Alexander Macomb Monument
Stoically standing in the middle of Washington Boulevard is the statue of Gen. Alexander Macomb, a hero in the War of 1812 and longtime 19th century military leader in Detroit.
Macomb was born in Detroit - then British-held territory - into a wealthy family on April 3, 1782. His family owned wide swaths of real estate, including much of Macomb County, Belle Isle and Grosse Ile. His father, also named Alexander Macomb, was a wealthy merchant, land owner and business partner of John Jacob Astor.
Instead of a comfortable life, Macomb joined the U.S. Army in 1799 and would make a name for himself during the War of 1812 as a brigadier general at the Battle of Plattsburgh in New York in September 1814. His forces were vastly outnumbered by the British, nearly 10 to 1, and he tricked them into dead ends and narrow areas and wiped them out. As chief Army engineer, Macomb pushed the building of military roads in the Great Lakes region. In 1814, Macomb received the Congressional Gold Medal, the highest honor given by the federal government to an individual, for his “gallantry and good conduct” in the battle. He was promoted to major general for his efforts, and was bumped up until being named the commanding general of the U.S. Army in May 1828.
Such a legacy endeared the general in the hearts of Detroiters and made him a Michigan hero. Macomb County was named after him when it was established Jan. 15, 1818. The general died in office June 25, 1841. He was buried in the Congressional Cemetery in Washington, D.C. He is interred with his wife, Catherine, who also was his first cousin.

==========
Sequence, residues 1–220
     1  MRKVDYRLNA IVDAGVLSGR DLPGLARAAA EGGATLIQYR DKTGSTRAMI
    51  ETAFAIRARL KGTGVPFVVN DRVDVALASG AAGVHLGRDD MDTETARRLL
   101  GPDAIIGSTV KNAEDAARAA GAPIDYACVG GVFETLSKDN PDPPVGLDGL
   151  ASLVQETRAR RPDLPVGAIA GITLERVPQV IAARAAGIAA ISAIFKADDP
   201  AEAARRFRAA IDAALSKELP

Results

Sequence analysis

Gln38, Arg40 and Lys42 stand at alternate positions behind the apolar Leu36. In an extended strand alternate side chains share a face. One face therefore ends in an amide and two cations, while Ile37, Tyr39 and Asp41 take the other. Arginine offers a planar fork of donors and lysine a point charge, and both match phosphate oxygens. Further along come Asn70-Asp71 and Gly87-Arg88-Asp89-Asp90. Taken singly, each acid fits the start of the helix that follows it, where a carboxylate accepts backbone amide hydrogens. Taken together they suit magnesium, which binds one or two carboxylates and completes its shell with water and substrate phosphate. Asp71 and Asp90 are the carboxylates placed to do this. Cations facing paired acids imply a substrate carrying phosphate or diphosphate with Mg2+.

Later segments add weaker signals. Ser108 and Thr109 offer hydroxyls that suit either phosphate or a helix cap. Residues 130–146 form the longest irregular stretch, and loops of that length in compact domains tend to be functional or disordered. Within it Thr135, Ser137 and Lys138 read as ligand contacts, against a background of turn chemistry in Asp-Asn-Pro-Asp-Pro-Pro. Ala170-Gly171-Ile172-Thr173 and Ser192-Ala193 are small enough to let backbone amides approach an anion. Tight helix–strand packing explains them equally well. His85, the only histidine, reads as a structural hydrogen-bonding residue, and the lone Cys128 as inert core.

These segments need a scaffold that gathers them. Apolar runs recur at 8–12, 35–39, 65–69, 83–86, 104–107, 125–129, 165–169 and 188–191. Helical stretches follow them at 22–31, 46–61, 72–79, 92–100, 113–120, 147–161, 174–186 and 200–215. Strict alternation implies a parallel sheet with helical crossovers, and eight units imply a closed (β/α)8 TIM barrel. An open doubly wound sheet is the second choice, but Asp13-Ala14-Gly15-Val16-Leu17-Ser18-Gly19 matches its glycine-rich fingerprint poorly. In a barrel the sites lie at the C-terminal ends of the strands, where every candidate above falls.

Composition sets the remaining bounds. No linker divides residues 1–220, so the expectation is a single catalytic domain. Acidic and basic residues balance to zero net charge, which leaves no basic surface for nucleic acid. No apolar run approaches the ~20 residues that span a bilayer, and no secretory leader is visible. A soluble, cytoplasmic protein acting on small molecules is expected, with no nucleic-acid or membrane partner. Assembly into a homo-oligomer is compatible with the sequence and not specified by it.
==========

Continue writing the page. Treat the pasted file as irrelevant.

In 1906, the then-relatively unknown sculptor Adolph Alexander Weinman was picked to cast him in bronze. It was said to have been made of melted down cannons from the war. Weinman, then 36, had worked with Augustus Saint-Gaudens and Daniel Chester French, who is best-known for his work on the Lincoln Memorial in Washington. French also did the Russell A. Alger Memorial Fountain in Detroit.
Weinman “portrayed Macomb as a dashing officer whose vitality is suggested by the slightly off-center stance of the figure and furl of the wind-blown cape,” Dennis Alan Nawrocki wrote in his book “Art in Detroit Public Places.” He proudly looks toward the Detroit River from under his hat. He stands atop a granite pedestal and is flanked by three bronze cannon. The pedestal stands in the middle of a round terrace and features a pair of interlinked wreaths above his name.
Four years later, Weinman went on to do the sculpture for the memorial of former Detroit Mayor William C. Maybury in Grand Circus Park.
In June 2008, the tomb of Macomb and his wife were found to be damaged, and their remains were removed for repairs to the underground vault. Their remains were closely guarded at the Smithsonian Institution’s Museum of Natural History until being returned the following month to the Congressional Cemetery with a service, honor guard and all.